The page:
collapsible dog bowl Blue Merle Chihuahua

Water at the beach in a collapsible dog bowl.

 

Just like us humans, dogs get extra thirsty in the heat. When it’s hot outside, be sure to give your dog plenty of water. I always keep one of these collapsible dog bowls in my bag so no matter where I am, I can share whatever water I have with Diego in a vessel he can easily drink from.

 

 

7) Vested Interest

 

chill vest for dogs

Diego napping in his chill vest.

 

This cooling dog vest is my new favorite invention. It has been a game changer for us. I love that you can keep it in your bag, dry, and then wet it whenever you need to use it. It basically works like a chamois aka “shammy” in that it soaks up the water and remains cool to the touch. Wrapping this vest around your dog cools him/her down to their core almost instantly. It doesn’t get your dog wet and you can simply take it off and re-wet it whenever it starts to dry out. I’ve shared this vest with a couple of other dog friends and everyone is blown away by how well it works and how much their dogs seem to appreciate it.

 

 

8) Chill Out

 

chilly mat for dogs

 

I don’t quite understand how this chilly pad works so well, but Diego seems to love it. You don’t have to freeze it or even wet it – it’s just a cool spot for your dog to lay on. It doesn’t feel that cool to the touch to me, but something about the pressure from his body when he’s laying on it makes it so. Diego will choose to lay on it anytime he’s hot over anywhere else, including the cool tile floor, so it must work.

 

 

9) Float On

 

dog pool float

 

Many island dogs don’t enjoy swimming. It’s basically sacrilege, but it’s true. Diego is one of them. He knows how to swim for safety, but doesn’t enjoy being in the water. He does, however, appreciate a good floatie. For non-swimming dogs, floating on a raft can keep them cool in the water without them having to actually hang out IN the water. This dog raft is Diego’s favorite because it feels solid to walk around on. But for larger dogs who may want to sink in a bit, hammock-style, this larger dog raft is pretty pawsome.

 

 

Bonus Necessities for the Dogs of Summer

I thought I’d provide links for you to a couple more items that I find indispensable for the island doggie life. They may not help keep your dog cool in the heat, but they do offer protection from the tropical elements.

 

Slather your Snout

 

dog on a surfboard

 

Did you know that light colored dogs can get sunburns too? Areas like their noses, ears, and bellies can be particularly vulnerable under the island sun – dogs need sunscreen just like we do!

Do keep in mind though – many of the ingredients in human sunscreen such as zinc oxide and para-aminobenzoic acid (PABA) are toxic for dogs and should not be applied to your pup. Be sure to use sunscreen made specifically for dogs to avoid your dog getting sick after he/she inevitably licks a bit of it off.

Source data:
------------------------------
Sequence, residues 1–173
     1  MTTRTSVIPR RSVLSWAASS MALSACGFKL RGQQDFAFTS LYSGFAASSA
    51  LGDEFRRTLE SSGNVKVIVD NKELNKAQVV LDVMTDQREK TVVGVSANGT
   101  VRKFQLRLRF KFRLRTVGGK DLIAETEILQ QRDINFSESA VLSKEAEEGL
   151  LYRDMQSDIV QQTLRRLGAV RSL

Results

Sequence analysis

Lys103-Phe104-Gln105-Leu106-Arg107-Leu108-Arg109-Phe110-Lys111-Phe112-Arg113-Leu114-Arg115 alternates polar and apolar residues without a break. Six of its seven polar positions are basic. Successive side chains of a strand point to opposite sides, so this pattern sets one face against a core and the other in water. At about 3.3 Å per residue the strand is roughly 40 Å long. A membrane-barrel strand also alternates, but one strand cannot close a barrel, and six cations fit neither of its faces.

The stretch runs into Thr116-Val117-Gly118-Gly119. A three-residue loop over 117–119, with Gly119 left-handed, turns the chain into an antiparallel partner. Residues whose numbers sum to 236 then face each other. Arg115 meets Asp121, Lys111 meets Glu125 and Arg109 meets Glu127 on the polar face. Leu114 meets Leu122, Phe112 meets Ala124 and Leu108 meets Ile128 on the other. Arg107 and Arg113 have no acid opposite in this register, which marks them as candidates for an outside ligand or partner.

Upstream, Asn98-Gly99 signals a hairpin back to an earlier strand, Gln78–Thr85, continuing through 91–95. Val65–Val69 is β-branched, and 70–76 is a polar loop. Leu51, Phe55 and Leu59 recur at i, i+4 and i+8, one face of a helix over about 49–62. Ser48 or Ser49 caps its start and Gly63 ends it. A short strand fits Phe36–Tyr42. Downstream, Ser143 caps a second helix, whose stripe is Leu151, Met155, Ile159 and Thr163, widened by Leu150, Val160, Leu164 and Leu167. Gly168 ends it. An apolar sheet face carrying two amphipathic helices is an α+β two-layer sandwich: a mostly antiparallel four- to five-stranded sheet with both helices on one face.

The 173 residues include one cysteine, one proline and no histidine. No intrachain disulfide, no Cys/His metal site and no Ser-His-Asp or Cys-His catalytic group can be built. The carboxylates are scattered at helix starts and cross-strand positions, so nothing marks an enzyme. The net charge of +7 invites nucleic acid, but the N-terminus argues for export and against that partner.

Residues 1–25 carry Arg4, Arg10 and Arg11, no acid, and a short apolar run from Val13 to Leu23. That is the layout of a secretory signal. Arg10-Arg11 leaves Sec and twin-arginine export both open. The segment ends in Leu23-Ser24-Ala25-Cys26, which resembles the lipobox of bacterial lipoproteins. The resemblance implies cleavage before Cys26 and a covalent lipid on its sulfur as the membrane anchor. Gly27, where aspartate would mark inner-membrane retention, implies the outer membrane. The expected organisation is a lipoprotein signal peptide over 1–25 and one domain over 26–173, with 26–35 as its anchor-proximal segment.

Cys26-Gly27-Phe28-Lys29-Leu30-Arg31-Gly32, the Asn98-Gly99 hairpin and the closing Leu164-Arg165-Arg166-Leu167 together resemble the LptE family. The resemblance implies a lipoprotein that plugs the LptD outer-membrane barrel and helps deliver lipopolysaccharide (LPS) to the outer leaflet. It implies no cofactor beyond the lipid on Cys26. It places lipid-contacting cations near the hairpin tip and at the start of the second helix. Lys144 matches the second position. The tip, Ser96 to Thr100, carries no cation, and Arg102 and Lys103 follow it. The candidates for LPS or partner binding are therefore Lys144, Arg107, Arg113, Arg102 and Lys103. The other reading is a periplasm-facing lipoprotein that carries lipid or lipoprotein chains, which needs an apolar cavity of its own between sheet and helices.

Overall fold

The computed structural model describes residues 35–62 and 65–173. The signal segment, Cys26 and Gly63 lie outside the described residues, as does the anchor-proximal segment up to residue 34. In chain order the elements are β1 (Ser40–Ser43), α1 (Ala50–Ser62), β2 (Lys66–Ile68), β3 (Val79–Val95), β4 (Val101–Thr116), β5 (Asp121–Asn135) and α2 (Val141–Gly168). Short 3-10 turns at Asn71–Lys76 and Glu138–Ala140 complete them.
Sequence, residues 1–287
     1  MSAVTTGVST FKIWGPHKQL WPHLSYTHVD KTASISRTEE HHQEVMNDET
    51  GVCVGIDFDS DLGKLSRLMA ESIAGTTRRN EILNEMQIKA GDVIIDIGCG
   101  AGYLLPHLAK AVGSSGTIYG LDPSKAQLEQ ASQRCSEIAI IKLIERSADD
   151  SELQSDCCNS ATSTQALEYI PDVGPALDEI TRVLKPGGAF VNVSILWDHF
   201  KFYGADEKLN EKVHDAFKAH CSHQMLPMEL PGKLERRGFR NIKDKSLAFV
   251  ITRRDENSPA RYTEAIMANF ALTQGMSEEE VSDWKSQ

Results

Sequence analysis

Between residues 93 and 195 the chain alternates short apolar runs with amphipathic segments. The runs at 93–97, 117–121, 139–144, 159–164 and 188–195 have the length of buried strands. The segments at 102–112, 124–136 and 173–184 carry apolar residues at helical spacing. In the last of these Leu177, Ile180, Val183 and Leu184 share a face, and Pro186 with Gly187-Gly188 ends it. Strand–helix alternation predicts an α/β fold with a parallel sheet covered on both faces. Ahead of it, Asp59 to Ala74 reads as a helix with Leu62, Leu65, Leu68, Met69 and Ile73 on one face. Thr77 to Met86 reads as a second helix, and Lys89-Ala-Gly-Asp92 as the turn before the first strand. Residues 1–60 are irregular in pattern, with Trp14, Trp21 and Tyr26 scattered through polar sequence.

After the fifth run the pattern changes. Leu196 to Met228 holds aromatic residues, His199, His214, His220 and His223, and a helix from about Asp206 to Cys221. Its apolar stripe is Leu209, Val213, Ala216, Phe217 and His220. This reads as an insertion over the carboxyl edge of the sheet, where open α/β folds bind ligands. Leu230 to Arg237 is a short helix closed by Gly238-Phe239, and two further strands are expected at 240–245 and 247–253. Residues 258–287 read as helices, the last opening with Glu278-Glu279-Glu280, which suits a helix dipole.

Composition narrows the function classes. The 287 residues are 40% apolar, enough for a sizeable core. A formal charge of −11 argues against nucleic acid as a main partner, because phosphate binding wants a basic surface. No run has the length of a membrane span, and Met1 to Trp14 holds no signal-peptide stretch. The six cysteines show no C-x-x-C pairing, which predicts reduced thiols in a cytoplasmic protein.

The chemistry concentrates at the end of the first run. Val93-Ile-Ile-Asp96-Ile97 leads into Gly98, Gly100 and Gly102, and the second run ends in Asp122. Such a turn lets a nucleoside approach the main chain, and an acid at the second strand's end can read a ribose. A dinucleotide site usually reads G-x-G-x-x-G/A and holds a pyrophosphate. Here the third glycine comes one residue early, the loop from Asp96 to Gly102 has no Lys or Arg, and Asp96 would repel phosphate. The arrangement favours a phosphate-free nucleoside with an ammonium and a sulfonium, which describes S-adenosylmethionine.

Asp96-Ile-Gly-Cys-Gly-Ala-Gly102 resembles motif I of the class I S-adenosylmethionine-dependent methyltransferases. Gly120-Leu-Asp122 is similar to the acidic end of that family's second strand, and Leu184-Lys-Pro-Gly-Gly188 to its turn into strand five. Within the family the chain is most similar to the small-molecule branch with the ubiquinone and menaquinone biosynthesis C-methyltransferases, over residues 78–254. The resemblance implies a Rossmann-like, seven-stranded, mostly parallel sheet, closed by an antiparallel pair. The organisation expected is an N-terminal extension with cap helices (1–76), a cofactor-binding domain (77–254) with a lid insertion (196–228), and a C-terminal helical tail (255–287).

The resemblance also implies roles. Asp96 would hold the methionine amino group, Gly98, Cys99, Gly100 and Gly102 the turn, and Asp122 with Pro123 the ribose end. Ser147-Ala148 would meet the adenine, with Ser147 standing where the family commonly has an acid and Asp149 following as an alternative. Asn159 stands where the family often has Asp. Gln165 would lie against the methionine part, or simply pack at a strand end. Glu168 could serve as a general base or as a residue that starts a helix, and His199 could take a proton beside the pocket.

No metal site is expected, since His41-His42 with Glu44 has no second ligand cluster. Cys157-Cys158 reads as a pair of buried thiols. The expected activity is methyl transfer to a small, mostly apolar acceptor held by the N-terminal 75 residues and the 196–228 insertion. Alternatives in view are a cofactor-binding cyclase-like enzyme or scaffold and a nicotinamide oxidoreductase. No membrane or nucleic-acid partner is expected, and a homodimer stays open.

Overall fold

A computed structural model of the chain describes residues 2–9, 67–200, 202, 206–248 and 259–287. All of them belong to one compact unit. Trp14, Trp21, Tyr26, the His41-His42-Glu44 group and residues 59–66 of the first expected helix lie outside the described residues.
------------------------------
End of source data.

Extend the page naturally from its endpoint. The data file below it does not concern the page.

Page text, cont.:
Puppy Eyes

 

Chihuahua in Doggles

 

Many dogs don’t like having the sun blasting into their eyeballs in the same way that we humans don’t. And blue-eyed dogs like Diego have extra sensitive eyes that need extra protection. Doggles are sunglasses for dogs and they work well so long as your dog will tolerate wearing them.

For dogs who don’t like the feel of the Doggles on their face, dog hats like this one and this one are another alternative that are both functional and adorable.

 

 

 

 

Safety First

 

dog life jacket

 

If you’re heading out on a boat or to partake in other water-sports such as kayaking or paddle-boarding with your pup, consider getting him/her a doggie life jacket of his/her own for safety’s sake. If you’re feeling extra sassy, these shark/mermaid styles are pretty hilarious and will no doubt be a big hit on the beach.

 

–   –   –

 

Do you have any tips or tricks to share that help you keep your pets cool in the tropical heat?

 

P.S. If your island pet is on Instagram too, follow us over @islanddogdiego – we’d love to connect with you!

Written By:

Chrissann Nickel

Current Rock of Residence:

Virgin Gorda, BVI

Island Girl Since:

2006

Originally Hails From:

California

Chrissann’s home rock in the British Virgin Islands feels bigger to her than it actually is. Though after spending five years on a teensy one acre island, the current 13-mile long rock she’s residing on now IS ginormous, at least by comparison. As with everything in the tropics, it’s all about perspective.

Once upon a time she used to care about things like matching her purse to her pumps but these days, any activities that require a bra and shoes go under careful, is-this-even-worth-it consideration. If island life has taught her anything at all, it’s that few things are more rewarding than time spent in the pool with a cocktail in hand.

As the Editor in Chief of this site, she spends her days working from home with her blue-eyed sidekick, Island Dog Diego, writing, editing, and cultivating content in the hopes of bringing some laughter and lightness to her fellow island souls. She recently published her first children’s book, When You’re a Baby Who Lives on a Rock, and is pretty pumped to share it with all of the island mamas out there. Her days off are typically spent boating, hiking, and meeting up with the neighborhood’s imperious roadside goats, who she shamelessly bribes into friendship. While normalcy was never listed as one of her special skills, Caribbean life may indeed be responsible for new levels of madness. She attributes at least a smidge of her insanity to the amount of time she spends talking to drunk people.

If you’re somehow still reading this and feel inclined to find out more about this “Chrissann” of which we speak, you can also take a gander at her eponymous website or follow her daily escapades on Instagram @womanonarock.

Want to read more posts by this writer? Click here.